Saying goodbye

Sometimes the hardest part of photographing the homeless is saying goodbye.


Some of my time spent with the homeless is happy. Sometimes it’s sad. But usually, it both.  Because I don’t just shoot and run. I spend time. I make a friend.

Then comes the tough part. Saying goodbye. Some ask me for a ride somewhere. And despite the unknowns and the distinct homeless smell, I have brought them where they need to go. Some ask me where I live. Some ask me for my phone number so they can stay in touch. I’ve found that about half do have cell phones. I asked one man this weekend how he pays for his phone. He said he shows up in the wee hours after the nightclub crowd has thinned and he cleans up the outside of the place. They throw him a few bucks and some food and he’s ok with that.

They charge their phones by filthy public bathrooms and sit policing it so no one takes it. Last week one man wanted to share the pictures he took on his cell phone with me and I couldn’t wait to see what he had captured…what he found important enough to document.  But his phone was dead. And wet. So he put it out to dry in the hot Miami sun hoping it would work again.

He asked me to come back to share his pictures with me. And I will. I hope his lifeline to the world works when I see him again. So it’s not goodbye. It’s just goodbye for now and it’s tough. ~Mike

Trust no one

They say that the best camera you will ever have is the one you have in your hand.

So I’m minding my own business getting gas on US1 in South Miami which is a rare event in itself when you drive a Prius. And then, I see him.

He said his name was Vanny. He wasn’t panhandling and he looked a little worse for the wear. Actually even worse than that. So I struck up a conversation with him and gave him a dollar. He had just gotten out of the hospital and told me he had been beaten pretty badly the day before but he said he’s used to it. I needed a moment to gather myself and digest that one.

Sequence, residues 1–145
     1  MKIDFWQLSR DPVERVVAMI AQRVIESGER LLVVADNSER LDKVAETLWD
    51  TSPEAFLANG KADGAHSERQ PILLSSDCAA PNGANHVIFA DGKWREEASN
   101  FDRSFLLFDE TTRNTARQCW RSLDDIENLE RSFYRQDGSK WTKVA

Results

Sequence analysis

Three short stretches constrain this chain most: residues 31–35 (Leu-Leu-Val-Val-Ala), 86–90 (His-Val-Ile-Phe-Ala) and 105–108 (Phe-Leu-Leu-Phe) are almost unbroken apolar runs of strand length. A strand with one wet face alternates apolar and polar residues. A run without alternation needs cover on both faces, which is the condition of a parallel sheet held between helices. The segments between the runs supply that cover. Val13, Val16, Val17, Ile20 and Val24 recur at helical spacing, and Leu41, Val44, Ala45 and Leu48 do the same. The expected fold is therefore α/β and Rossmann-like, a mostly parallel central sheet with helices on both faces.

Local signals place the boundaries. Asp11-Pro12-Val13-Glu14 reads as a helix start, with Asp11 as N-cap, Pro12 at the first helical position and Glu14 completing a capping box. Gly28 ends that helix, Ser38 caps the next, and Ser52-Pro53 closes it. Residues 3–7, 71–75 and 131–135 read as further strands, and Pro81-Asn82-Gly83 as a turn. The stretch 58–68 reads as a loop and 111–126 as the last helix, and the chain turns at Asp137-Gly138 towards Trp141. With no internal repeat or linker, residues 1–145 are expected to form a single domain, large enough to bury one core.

I asked him if I could take some pictures and he said that he didn’t think he looked so great after the beating but as you can see he was fine with it. Actually he even hammed it up.

Then Vanny and I sat down and had a beer together. He told me he is a college graduate, he says he’s retired but wouldn’t say from what and is homeless.

He was so kind to let me take many, many pictures. But the one he liked most was the one of him making a “face like a shark”. He begged me to use that one if I used any of them so here it is.

It was quite the shoot here in South Miami today.

By the way, I’ve been spending a lot of time on Instagram. I find it to be one of the most enjoyable and engaging social networks. If you have an iPhone, give it a try. Or an iPad 2 will work and so will an iPod touch. The download is free. Android user? You’re out of luck for a while. I just read an article published yesterday that says that version is running behind.

Now I have to go share this on Facebook, Twitter, Google+, LinkedIn and I’m probably forgetting about 10 others…

Happy shooting everyone.


Update on Homeless Woman and Service Dog

On July 11th I posted Apartment Needed for Homeless Woman and Service Dog.

Here’s what finally shook out for this poor woman as passed on by Mitch Koch, senior writer at Beber Silverstein & Partners here in Miami.


The social workers in the 555 building on Miami Beach, found Maria even before I called them. They offered her temporary housing at a shelter in Homestead, the only one in the state that accepts pets (in most cases, the homeless are forced to either abandon their pets or stay on the street—most choose to stay on the street rather than be separated).

She refused the shelter, because she’d have to be separated from her little, old dog, “Foxy,” during the night. Just the thought of her and her dog being apart, even overnight, brought tears to her eyes as the dog is the only family member who will have anything to do with her (she actually has a brother in Miami, whose wife is a psychiatrist and whose daughters are stars of the Miami ballet, but they don’t talk).